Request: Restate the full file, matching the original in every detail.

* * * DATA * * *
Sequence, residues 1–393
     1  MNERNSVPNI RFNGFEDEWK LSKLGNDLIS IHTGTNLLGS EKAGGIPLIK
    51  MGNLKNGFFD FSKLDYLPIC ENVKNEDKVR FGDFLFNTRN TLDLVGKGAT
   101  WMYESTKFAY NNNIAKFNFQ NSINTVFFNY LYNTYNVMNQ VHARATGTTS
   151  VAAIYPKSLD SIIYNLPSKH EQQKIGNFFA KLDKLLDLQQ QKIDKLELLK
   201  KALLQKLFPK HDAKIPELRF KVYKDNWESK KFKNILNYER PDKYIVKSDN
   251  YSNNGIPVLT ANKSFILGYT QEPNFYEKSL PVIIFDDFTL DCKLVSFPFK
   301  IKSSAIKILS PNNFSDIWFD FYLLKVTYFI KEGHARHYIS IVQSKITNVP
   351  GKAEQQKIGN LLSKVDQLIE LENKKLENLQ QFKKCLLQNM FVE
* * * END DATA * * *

Sequence, residues 1–393
     1  MNERNSVPNI RFNGFEDEWK LSKLGNDLIS IHTGTNLLGS EKAGGIPLIK
    51  MGNLKNGFFD FSKLDYLPIC ENVKNEDKVR FGDFLFNTRN TLDLVGKGAT
   101  WMYESTKFAY NNNIAKFNFQ NSINTVFFNY LYNTYNVMNQ VHARATGTTS
   151  VAAIYPKSLD SIIYNLPSKH EQQKIGNFFA KLDKLLDLQQ QKIDKLELLK
   201  KALLQKLFPK HDAKIPELRF KVYKDNWESK KFKNILNYER PDKYIVKSDN
   251  YSNNGIPVLT ANKSFILGYT QEPNFYEKSL PVIIFDDFTL DCKLVSFPFK
   301  IKSSAIKILS PNNFSDIWFD FYLLKVTYFI KEGHARHYIS IVQSKITNVP
   351  GKAEQQKIGN LLSKVDQLIE LENKKLENLQ QFKKCLLQNM FVE